Study finds Indiana tax caps hit older cities hardest

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INDIANAPOLIS (AP) — A study of Indiana’s statewide property tax caps shows older, industrial cities have seen the biggest declines in revenues, while growing suburban communities are faring better.

The study released by the nonpartisan Indiana Fiscal Policy Institute finds that the caps implemented in 2009 have saved taxpayers money but that some of the state’s largest cities have taken financial hits.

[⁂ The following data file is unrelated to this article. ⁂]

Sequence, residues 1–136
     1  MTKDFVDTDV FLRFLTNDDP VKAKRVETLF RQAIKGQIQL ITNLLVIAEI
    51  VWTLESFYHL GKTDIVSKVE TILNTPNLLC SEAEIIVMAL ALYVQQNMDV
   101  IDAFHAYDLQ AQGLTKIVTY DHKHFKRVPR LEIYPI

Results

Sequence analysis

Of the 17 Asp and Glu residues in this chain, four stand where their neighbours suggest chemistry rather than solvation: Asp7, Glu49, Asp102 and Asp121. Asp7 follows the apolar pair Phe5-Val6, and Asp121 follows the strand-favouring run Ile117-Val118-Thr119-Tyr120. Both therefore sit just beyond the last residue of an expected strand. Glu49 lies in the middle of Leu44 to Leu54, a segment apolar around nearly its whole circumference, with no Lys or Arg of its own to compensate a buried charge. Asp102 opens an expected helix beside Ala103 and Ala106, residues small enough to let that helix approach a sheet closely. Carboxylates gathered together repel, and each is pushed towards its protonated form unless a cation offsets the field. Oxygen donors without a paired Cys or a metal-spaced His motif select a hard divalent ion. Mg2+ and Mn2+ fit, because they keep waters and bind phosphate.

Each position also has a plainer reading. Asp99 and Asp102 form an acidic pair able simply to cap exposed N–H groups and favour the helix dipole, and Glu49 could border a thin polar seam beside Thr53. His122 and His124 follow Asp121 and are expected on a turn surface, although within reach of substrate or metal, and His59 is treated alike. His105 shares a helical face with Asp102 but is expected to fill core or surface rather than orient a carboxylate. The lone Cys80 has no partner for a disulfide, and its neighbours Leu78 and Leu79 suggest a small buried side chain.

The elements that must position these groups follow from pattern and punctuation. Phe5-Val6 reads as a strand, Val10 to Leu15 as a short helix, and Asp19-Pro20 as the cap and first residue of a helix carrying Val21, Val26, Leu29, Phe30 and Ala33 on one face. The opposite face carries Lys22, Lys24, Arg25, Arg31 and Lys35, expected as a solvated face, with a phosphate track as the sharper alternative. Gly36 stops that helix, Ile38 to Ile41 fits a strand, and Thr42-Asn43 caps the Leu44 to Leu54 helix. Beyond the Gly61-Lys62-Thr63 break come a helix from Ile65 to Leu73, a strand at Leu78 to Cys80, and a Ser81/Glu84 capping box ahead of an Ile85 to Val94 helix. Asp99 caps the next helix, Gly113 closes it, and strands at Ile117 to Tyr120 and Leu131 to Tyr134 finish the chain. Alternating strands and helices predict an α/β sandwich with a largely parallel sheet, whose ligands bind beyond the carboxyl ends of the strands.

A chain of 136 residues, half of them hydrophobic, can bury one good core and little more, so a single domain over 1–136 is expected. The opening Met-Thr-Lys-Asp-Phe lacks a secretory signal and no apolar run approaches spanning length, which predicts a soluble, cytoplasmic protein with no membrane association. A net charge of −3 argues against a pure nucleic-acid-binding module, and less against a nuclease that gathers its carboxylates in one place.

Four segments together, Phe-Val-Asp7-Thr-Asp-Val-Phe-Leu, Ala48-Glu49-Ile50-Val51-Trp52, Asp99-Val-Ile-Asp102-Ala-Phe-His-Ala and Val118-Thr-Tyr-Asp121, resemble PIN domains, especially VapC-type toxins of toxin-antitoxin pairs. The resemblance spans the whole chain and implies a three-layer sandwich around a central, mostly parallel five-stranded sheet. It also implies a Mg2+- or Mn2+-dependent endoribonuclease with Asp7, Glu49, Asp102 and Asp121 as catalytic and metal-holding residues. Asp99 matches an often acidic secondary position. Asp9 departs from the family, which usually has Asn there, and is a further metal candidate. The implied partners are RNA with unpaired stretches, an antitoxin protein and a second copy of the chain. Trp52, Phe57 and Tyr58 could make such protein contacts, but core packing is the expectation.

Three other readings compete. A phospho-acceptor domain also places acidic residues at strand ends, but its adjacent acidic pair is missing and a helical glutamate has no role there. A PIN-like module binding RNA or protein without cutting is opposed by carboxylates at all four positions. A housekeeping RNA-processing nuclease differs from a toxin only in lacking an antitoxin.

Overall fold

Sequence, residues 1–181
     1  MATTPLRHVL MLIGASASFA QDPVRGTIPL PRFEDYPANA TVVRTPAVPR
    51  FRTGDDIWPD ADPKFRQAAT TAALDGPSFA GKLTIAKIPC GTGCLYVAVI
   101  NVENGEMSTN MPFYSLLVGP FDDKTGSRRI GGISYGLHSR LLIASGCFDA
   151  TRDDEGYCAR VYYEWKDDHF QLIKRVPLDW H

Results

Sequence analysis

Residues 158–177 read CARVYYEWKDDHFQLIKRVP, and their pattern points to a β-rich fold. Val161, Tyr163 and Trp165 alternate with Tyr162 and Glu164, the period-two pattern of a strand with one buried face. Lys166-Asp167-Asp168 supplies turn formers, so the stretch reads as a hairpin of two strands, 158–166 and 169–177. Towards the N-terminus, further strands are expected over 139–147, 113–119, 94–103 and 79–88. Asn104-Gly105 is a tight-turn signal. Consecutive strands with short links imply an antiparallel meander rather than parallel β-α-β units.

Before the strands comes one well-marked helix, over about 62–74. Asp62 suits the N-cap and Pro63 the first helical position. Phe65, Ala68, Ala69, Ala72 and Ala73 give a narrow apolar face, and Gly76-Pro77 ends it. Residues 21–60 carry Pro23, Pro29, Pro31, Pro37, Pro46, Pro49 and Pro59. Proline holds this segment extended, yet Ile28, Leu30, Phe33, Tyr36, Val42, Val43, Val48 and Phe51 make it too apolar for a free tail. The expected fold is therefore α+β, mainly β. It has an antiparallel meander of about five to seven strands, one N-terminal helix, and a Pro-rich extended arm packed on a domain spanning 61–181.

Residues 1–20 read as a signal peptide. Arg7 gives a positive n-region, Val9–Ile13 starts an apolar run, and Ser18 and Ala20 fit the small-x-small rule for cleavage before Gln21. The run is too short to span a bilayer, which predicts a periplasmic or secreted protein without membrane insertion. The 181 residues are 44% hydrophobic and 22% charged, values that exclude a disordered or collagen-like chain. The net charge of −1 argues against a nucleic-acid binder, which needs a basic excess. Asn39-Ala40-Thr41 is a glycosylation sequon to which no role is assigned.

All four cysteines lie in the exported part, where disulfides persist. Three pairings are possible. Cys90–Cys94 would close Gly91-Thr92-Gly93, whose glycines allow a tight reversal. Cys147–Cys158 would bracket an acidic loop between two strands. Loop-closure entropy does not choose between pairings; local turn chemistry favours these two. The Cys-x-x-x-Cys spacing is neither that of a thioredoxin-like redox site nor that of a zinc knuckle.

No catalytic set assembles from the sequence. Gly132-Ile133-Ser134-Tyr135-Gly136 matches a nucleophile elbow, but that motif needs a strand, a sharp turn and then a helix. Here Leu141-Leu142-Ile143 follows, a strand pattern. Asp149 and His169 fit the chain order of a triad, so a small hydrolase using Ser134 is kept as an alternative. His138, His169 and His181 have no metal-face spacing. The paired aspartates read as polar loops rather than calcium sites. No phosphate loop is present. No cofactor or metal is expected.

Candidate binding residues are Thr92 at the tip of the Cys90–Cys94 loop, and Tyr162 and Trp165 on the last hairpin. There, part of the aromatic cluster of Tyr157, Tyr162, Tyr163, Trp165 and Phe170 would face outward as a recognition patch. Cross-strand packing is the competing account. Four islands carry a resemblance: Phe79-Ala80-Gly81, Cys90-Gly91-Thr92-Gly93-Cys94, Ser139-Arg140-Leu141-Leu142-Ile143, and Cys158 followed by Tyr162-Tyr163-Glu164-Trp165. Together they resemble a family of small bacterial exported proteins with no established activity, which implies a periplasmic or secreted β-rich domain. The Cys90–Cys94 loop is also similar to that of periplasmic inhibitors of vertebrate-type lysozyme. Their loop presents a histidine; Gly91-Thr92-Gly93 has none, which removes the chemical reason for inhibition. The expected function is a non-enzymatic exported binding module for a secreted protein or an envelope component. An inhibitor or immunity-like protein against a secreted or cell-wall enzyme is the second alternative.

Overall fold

Researchers found the caps cut Muncie’s property tax revenue by 45 percent and Anderson’s by 35 percent. The growing Indianapolis suburbs of Carmel and Fishers saw declines of less than 5 percent.

Researcher John Stafford says the caps will mean an increasing reliance on local income taxes for urban cities that aren’t growing.

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